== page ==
As I do this blog, it’s 21 and sunny here, with still quite a few leaves on the trees considering the wind storms we’ve had this year and a couple of really heavy frosts.
We’ve had so many frost delays the past two weeks that we’ve pushed out start times to 10 a.m.. Down in the valley and by the Bow River, the climate changes quite a bit, but the golf course is in great shape.
It’s fast and firm and our staff has done a heck of a job keeping the leaves off, considering we’re built on an old tree farm. With all that said, I have no plans to push back closing day, which was Monday.
I’m feeling the heat, no question, over that decision, especially with a forecast for nice weather, but I’m a big believer in putting together our programs and sticking to them because they’re paying off.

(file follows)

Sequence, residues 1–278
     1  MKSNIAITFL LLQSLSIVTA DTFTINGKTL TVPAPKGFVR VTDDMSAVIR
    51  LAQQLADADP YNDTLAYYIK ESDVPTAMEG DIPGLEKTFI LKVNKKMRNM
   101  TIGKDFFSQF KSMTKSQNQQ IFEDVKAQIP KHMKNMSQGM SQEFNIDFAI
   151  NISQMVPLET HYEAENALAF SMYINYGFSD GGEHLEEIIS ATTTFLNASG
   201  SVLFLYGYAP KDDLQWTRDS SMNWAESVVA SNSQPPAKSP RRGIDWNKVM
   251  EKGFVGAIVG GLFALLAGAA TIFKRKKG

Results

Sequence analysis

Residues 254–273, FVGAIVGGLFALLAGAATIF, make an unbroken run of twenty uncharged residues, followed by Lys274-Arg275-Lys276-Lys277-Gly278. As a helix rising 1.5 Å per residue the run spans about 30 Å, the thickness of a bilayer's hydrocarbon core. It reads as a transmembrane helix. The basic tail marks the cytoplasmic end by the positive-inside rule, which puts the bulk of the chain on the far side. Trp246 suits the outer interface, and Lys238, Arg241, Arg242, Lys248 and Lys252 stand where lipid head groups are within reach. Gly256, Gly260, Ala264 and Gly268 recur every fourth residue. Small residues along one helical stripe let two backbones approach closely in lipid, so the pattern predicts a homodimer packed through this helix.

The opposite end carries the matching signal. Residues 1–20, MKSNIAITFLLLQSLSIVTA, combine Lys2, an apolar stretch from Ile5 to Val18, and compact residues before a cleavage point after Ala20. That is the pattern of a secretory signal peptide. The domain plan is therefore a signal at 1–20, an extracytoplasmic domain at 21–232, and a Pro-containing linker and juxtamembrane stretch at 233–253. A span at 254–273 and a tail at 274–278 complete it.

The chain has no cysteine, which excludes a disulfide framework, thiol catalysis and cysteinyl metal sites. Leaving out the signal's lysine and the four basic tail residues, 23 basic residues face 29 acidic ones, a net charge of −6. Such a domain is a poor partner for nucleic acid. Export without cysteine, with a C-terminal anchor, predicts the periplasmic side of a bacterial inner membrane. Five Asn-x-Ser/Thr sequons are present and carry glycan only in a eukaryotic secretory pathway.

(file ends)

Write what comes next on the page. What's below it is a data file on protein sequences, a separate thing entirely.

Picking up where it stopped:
Getting the leaves picked up, getting fairway aeration done, getting top dressing down and other things that need to be done takes time and your hours of operation are so short at this time of year.
Typically, the crew can’t get on the course until 10 or 11 a.m. because of frost and by 4 p.m., it’s starting to get dark, so your window of opportunity is small if there’s a lot of work to do and if you don’t do it right in the fall, you’re going to pay for it in the spring.
My attitude is to give up a week in the fall to save two weeks in the spring. Everyone wants you to open the third week of April and you want it to be good. If you don’t put it to bed right, that won’t happen.
People don’t understand all the things you need to do. It’s not like you close the door and turn the key at the top of the hill when you close for the year.
We’ve been in planning meetings the past two weeks on how we’re going to put things to bed. It’s critical to success.
Sure, I take a lot of heat on it, but I really believe in what we’re doing. I’ve seen what it’s like to push it to the brink and all of a sudden in spring, you’re looking at problems, even if we did have a busy Thanksgiving weekend.
You can’t afford to not winterize properly.